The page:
The linen cloths were left behind; our High Priest has offered Himself as the atonement for our sins and was accepted before the Father. The tomb is otherwise empty; He is Risen; He is Lord. Let us be ever thankful for the atonement of our High Priest and let us serve Him in His Kingdom!

Ethan R. Longhenry

A Den of Robbers

Behold, ye trust in lying words, that cannot profit. Will ye steal, murder, and commit adultery, and swear falsely, and burn incense unto Baal, and walk after other gods that ye have not known, and come and stand before me in this house, which is called by my name, and say, ‘We are delivered;’ that ye may do all these abominations? Is this house, which is called by my name, become a den of robbers in your eyes? Behold, I, even I, have seen it,” saith the LORD (Jeremiah 7:8-11).

The people of Judah were about to learn the disastrous consequences of their misplaced confidence.

For generations the people of Israel had served all sorts of gods. Yes, the prophets persistently warned them against serving the gods of the nations, and to avoid their practices abhorrent to YHWH, yet they were still in the land of Israel, a Davidic king was on the throne, and in their minds, YHWH would most assuredly glorify His name against the nations. After all, in the days of Hezekiah, did YHWH not deliver Jerusalem from the hand of the king of Assyria? If YHWH protected His city, His house, and His people from the Assyrians, He would surely do the same from the Babylonians. The people of Judah looked to the existence of the Temple as their refuge and protection from danger; such was their confidence in YHWH.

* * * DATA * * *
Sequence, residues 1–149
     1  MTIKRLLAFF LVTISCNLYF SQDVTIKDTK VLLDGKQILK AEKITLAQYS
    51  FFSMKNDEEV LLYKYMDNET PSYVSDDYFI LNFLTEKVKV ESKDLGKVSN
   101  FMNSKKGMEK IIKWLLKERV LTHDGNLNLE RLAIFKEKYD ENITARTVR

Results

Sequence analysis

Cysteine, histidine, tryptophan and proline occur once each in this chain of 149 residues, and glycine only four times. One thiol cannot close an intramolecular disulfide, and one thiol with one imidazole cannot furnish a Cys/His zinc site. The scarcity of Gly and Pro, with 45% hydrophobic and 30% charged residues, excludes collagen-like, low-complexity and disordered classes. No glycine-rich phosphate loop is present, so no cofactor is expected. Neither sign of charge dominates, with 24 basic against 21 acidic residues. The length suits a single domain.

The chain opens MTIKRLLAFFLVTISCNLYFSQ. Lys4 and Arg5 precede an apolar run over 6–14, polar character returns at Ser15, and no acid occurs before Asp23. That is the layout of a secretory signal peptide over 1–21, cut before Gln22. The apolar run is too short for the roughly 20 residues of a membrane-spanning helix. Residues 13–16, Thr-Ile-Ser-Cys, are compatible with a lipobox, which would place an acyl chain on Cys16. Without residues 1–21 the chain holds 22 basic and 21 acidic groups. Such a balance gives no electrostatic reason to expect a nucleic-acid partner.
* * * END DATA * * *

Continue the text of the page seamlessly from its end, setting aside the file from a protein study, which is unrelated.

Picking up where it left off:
The people of Judah had good reason to trust in YHWH, but they really did not trust in YHWH, for they did not pursue after Him alone. Even when they did not introduce abominations into the Temple itself, they still practiced abominations, but then expected to find refuge and forgiveness in the Temple of YHWH. Thus God sent Jeremiah to warn the people regarding the folly of their position: just because YHWH delivered Jerusalem in the days of Hezekiah does not mean that He will do the same again. The people of Judah treat the Temple as thieves treat their den: they may not commit terrible sins there, but they seek refuge there from the sins they commit elsewhere, and perhaps even seek to enjoy comfort from the fruit of their iniquity there. When the place where YHWH and His name are to be glorified becomes a place where the people of God seek YHWH’s protection despite not trusting in Him alone, that place becomes a stumbling block. Within a generation the city of YHWH was cast down, His house destroyed, and His people led away to Babylon. It pained YHWH to see it, yet Israel gave Him no recourse: they abused God’s concern for them and treated it as license to continue as they always had been.